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VOL. 36 | NO. 12 | Friday, March 23, 2012

Big disasters equal big business

Winds of climate shift bring opportunity for entrepreneurs

By Linda Bryant

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A freakishly early 2012 tornado season in Middle Tennessee began with a deadly tornado outbreak on Feb. 29. Less than a week later the area was hammered with a series of storms, tornadoes and golf ball-sized hail.

That’s when the phone lines began to jam at National Storm Shelters in Smyrna.

Ditto for Lyk-Nu Collision Center locations in Donelson and Lebanon, where co-owner Paul Slate says his lobbies were crowded with anxious car owners trying to get their battered vehicles repaired.

Bad weather is good business. The worse the better.

Storm-related insurance claims topped $1 billion across the state in 2011, and the recent storms that hit in late February and early March will create about $90 million in claims, says Dan Batey, vice-president of corporate communications for Farm Bureau Insurance of Tennessee.

“I’d call that one heck of a stimulus package (for businesses helping storm victims),” Batey says.

And with national weather prognosticators predicting the South will continue to see more than its usual share of severe weather outbreaks over the next couple of years, demand is rising for companies that cater to all things storm-related.

Owner Jeff Turner, lower right, and employees of National Storm Shelters demonstrate the size of the company’s shelter. Units are installed underground and entered from above.

-- Photo: Lyle Graves | Nashville Ledger

Count among them area service-based businesses such as shelter installers, roofers, auto repair, window and gutter outfits, handymen and re-modelers.

“Business is up 45 percent across the board,” Slate says of his auto body-repair business. “We even had to go to making appointments even for estimates. An insurance company even set up a table at the Donelson location.”

Carl Cotten, who’s been running Carl Cotten Roofing Co. since 1959, says recent years have brought some of the worst weather he’s witnessed since be began his business 53 years ago.

“I always get a lot of calls when a disaster comes,” Cotten says. “It just seems like the disasters and catastrophes get worse as time goes on.”

A National Storm Shelters employee welds a shelter lid. Company sales are about 60 percent ahead of 2011 year-to-date totals.

-- Photo: Lyle Graves | Nashville Ledger

Larry Hooper, marketing director at National Storm Shelters, agrees that keeping up with demand can be a challenge.

“People call all hours of the day and long into the night,” Hooper says. “Our phones get swamped within 36 hours of a tornado. The greater the storm, the greater the caller volume.”

National Storm Shelters was inspired by a devastating tornado in Murfreesboro in 2009. Company owner Jeff Turner had a buddy whose home was destroyed by twister. The experience drove Turner to design and build an underground steel shelter that can be installed beneath a garage or carport floor.

The shelters cost about $5,500, the industry average, Turner says, adding he sold 150 in 2011 and has already sold 70 in 2012.

“I feel comfortable in saying we’ve increased sales by 60 percent over last year,” he explains.

The company has plenty of competition in Middle Tennessee.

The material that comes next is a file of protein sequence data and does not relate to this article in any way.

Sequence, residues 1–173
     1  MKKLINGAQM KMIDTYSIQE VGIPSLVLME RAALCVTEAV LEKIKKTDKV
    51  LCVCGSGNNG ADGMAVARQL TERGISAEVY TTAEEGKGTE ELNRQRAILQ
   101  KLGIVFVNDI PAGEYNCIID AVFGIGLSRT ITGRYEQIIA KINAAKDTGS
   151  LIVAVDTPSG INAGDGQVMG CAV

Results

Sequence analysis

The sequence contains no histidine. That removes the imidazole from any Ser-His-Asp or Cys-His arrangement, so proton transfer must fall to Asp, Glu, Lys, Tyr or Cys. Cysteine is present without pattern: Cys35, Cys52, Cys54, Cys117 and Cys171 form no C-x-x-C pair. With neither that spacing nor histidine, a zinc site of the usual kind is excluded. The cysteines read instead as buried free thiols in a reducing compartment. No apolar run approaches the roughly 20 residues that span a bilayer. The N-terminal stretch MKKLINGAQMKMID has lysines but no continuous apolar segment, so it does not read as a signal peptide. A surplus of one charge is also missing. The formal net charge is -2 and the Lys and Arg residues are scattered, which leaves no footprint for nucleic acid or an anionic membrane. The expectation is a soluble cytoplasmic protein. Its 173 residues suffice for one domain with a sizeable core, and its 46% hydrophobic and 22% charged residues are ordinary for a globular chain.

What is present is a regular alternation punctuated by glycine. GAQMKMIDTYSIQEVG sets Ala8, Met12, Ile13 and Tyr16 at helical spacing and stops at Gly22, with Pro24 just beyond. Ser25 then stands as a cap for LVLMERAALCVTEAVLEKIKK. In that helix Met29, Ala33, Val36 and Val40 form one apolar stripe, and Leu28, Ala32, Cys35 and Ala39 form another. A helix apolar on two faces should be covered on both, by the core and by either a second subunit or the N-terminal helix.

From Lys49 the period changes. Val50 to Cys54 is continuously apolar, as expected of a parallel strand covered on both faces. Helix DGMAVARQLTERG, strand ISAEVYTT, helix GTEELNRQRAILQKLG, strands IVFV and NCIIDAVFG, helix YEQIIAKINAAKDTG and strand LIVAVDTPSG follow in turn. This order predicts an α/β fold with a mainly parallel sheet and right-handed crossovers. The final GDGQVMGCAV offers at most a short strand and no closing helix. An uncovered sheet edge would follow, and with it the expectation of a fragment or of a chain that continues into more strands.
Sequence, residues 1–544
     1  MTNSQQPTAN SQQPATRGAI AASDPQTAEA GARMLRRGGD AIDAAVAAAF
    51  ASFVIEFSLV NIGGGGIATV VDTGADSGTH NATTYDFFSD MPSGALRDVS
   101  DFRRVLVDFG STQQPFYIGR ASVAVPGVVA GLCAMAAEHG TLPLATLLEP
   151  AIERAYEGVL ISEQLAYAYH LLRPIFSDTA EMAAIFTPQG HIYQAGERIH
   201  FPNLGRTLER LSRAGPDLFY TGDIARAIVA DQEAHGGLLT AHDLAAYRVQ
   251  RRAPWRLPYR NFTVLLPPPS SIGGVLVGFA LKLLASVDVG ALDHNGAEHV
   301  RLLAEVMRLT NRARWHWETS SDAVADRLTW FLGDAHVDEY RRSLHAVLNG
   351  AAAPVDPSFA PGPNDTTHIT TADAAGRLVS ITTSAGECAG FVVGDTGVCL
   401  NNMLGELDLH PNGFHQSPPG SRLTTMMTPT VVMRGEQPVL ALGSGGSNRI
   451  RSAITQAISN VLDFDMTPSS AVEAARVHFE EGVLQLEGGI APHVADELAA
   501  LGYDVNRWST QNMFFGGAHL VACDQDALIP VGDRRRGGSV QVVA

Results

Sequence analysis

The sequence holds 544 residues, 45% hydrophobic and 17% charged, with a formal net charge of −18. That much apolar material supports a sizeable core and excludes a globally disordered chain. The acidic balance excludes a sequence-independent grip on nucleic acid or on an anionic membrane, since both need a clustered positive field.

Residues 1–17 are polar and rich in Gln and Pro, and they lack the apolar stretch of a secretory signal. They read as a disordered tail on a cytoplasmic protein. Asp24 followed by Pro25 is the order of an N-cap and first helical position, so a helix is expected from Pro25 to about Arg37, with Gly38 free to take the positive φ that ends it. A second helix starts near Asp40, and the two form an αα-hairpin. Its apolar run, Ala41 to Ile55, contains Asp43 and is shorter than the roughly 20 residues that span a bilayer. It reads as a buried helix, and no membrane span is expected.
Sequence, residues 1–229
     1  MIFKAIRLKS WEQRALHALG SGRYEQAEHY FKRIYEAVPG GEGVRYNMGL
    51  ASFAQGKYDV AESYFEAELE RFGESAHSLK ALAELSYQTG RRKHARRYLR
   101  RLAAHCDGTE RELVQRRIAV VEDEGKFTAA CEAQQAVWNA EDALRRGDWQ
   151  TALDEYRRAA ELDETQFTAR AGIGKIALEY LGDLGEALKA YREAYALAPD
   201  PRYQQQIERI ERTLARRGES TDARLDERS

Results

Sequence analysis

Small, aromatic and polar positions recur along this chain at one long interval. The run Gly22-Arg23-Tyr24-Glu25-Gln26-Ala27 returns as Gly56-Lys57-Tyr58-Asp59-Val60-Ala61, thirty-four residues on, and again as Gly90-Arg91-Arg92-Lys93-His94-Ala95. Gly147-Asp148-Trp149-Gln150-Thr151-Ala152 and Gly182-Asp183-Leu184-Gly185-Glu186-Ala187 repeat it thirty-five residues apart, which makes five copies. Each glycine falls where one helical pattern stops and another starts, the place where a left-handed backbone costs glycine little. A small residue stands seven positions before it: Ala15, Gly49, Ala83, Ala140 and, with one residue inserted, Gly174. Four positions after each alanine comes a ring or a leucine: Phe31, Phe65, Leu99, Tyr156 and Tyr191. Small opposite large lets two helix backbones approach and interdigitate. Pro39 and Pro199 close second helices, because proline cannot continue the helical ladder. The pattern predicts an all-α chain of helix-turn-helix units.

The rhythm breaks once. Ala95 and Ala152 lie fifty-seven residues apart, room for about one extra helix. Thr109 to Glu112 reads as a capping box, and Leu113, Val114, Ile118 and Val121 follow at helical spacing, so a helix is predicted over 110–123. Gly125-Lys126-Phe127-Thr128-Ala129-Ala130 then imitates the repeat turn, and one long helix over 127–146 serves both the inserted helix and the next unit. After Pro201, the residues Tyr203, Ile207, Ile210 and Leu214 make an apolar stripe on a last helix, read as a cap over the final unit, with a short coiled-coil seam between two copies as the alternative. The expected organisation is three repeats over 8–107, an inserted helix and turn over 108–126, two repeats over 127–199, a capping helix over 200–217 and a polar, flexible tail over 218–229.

Mark Brasfield, owner of The Safe House, a Nashville-based company that sells safes for guns and valuables, as well as storm shelters, says he receives 20 calls a day -- and just as many emails -- after a bout of severe weather. Brasfield sells and installs a self-designed shelter that he says exceeds standards required by the Federal Emergency Management Agency.

Another longtime Nashville-based company, West End Lock Co. started offering storm shelters designed by an award-winning company in Oklahoma almost three years ago.

“We weren’t looking for a growth industry,” owner Richard Kass says. “We’re primarily a locksmith company. I just wanted to add a service for our customers. It’s almost ridiculous how much we grew that side of the business.”

Disaster recovery businesses also swell with business after foul weather.

Rob Dixon, owner of ServPro of Belle Meade/West Nashville, says he was inundated with calls about water damage and roof damage from recent storms. Ironically, Dixon’s roof was also damaged during the outbreak.

Funnel clouds and hailstorms may mean added profits for some companies, but they mean less money for insurance companies such as Farm Bureau, Batey says.

“We’ve taken a good lick so far,” he explains. “It’s tougher to make a profit and, of course, the insurance industry is regulated. You can’t just jack up with price out of the blue.

“Sadly, it’s becoming more and more routine to deal with catastrophes in Tennessee,” Batey adds.

TV stations represent another example of businesses vulnerable to revenue loss during parts of the tornado season.

When the station interrupts scheduled programming for severe weather coverage there is no revenue from commercials, says Debbie Turner, general manager of NewsChannel 5, Nashville’s CBS affiliate.

“Severe weather is a complete drain on advertising,” Turner explains. “It becomes a public service. We want to maintain technological leadership, and we want to save lives. It’s all a very important part of our brand.”

However, the trust built during coverage of a tornado might turn into advertising revenue at some point.

Channel 5 sells sponsorships that are displayed on the bottom of the TV screen during weather broadcasts. Revenue from sponsorships is growing, Turner says.

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